Algeria's government would do well to take up offers of outside assistance to investigate and end the senseless violence afflicting its people. In the past week, the European Union, the United States, and the Arab League have all voiced concern and a desire to help.
The government in Algiers, however, has been prickly about such offers, particularly from Western sources. This edginess does nothing to dispel doubts abroad, and inside Algeria, about the regime's commitment to stop the killing that has taken more than 1,000 lives just since the start of the Muslim holy month of Ramadan on Dec. 30. Over the past six years, insurrection and terrorism have claimed some 65,000 Algerians.
The murderers typically attack without warning, cutting down civilians, including women and children. Religious slogans may be shouted, but these acts fit no definition of religion, politics, or even warfare.
What can outside involvement do?
First, it serves notice to all sides in Algeria that continued massacres of civilians are abhorrent to the international community. It also lets average Algerians know that the wider world cares about their plight. Algeria doesn't exist in a vacuum. It depends on exports of oil, natural gas, and agricultural products to Europe. Algerian emigrants are a major consideration.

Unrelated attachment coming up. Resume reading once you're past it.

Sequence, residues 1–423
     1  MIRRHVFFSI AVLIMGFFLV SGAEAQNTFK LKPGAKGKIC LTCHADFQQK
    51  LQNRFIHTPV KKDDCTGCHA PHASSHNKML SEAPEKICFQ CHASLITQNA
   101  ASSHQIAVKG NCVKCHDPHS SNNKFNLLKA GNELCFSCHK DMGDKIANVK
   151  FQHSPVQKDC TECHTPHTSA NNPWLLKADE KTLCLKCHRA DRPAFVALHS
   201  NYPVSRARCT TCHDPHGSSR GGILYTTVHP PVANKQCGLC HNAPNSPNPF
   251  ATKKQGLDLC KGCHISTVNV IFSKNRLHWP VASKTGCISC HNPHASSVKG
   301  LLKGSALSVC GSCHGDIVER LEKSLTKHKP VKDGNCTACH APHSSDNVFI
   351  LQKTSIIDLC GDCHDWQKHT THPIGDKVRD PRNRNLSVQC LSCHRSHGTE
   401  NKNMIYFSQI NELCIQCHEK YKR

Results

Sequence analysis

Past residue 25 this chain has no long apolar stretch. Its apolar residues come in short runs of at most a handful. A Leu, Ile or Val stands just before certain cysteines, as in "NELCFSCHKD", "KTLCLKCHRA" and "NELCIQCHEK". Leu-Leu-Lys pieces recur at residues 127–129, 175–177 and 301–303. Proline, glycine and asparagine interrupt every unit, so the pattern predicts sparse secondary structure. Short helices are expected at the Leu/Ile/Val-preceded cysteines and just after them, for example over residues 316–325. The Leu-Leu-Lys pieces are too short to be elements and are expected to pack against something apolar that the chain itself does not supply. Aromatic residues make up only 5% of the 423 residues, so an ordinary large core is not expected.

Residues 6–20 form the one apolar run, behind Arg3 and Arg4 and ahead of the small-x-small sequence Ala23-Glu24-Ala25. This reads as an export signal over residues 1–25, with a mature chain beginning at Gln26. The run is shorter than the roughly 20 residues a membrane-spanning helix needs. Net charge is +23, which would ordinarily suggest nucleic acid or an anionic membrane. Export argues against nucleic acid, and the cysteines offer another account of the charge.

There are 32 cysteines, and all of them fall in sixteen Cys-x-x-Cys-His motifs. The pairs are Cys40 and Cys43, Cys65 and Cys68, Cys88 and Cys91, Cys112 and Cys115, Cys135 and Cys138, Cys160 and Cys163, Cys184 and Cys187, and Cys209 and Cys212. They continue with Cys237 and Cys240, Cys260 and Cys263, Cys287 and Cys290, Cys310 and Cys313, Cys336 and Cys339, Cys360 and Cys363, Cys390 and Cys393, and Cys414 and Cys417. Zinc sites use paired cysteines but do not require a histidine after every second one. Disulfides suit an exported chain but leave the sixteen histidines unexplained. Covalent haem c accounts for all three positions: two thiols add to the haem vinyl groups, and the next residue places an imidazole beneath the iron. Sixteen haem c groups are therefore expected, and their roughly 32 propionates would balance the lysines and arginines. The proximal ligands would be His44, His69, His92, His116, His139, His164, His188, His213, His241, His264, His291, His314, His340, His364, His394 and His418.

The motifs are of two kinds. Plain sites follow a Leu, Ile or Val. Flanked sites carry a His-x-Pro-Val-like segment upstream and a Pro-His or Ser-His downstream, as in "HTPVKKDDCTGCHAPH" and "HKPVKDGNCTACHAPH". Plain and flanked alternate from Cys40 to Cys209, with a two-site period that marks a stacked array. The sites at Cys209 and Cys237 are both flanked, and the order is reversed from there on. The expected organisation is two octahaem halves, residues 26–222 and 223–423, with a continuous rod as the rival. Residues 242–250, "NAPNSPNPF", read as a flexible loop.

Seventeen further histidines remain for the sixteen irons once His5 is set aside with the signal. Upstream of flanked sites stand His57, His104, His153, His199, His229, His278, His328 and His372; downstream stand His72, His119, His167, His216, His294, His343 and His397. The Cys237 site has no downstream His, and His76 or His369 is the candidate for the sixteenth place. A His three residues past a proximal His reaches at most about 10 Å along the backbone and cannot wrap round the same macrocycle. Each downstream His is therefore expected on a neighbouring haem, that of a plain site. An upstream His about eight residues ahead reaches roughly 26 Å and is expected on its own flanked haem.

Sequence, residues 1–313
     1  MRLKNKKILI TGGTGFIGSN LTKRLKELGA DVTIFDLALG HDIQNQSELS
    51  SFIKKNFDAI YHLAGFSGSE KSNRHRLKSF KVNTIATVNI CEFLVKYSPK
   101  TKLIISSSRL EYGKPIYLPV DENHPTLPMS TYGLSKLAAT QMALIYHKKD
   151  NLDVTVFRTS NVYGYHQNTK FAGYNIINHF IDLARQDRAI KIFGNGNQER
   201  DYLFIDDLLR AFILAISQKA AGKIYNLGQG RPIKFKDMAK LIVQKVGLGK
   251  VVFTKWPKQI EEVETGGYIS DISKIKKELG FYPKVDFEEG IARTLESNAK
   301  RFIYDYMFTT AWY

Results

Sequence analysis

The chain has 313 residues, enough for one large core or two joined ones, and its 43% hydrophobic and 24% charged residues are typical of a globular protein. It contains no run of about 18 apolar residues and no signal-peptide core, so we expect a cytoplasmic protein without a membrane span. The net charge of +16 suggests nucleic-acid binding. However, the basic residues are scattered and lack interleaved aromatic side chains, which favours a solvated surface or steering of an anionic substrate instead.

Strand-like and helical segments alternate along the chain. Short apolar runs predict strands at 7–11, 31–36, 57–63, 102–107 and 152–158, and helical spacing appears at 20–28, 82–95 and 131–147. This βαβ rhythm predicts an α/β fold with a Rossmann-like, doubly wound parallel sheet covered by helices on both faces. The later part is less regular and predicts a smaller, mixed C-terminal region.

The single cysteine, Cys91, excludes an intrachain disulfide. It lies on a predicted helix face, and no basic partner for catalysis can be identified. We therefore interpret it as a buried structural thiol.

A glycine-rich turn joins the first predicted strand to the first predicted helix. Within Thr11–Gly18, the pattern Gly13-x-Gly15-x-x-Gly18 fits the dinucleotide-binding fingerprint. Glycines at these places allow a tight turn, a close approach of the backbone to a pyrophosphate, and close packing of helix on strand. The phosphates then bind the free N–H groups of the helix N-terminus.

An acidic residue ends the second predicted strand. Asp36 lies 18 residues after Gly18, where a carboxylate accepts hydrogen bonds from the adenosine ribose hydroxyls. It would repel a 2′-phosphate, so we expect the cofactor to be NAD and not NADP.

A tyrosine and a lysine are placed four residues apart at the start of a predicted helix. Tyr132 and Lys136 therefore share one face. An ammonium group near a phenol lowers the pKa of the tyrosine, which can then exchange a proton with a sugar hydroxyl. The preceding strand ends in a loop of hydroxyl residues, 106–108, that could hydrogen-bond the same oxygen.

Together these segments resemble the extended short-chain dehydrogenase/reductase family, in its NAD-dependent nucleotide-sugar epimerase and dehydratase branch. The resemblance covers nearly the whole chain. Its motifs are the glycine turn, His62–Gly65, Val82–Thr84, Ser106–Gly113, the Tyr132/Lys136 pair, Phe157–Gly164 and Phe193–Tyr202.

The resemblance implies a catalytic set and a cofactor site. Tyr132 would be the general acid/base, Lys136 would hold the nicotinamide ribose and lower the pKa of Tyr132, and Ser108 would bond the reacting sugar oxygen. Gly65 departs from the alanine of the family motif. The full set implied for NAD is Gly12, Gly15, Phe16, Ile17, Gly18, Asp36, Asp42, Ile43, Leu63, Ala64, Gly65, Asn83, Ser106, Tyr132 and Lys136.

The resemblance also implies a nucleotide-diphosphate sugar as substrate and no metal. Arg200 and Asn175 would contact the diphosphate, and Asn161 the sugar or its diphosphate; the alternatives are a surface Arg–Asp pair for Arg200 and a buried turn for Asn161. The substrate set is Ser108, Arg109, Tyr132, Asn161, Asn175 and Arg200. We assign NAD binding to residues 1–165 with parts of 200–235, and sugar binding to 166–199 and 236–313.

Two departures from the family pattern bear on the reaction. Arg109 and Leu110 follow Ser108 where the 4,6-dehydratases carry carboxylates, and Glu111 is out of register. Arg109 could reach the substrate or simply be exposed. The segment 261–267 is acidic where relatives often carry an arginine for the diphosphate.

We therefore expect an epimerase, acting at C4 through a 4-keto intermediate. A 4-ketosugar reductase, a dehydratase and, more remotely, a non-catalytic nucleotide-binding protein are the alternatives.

Second, fact-finding efforts by the EU or another objective agency could throw needed light on the dynamics within Algeria. If things are as the government asserts - with blame falling on benighted religious extremists - what do officials have to worry about? Their country's sovereignty is not at stake. Today's world presents many examples of international efforts to help with national crises.
Third, outside pressure might be the only way to bring Algerians together to bridge their differences and arrive at a new vision of governance for a society that now lacks any such vision. The US, in particular, could be instrumental in advancing this agenda. It carries less imperialistic baggage than EU nations like France or Britain, and its strength is respected. A model for political accommodation within Algeria already exists, worked out by a 1993 conference in Rome attended by the various Algerian parties. Washington should help revive that plan.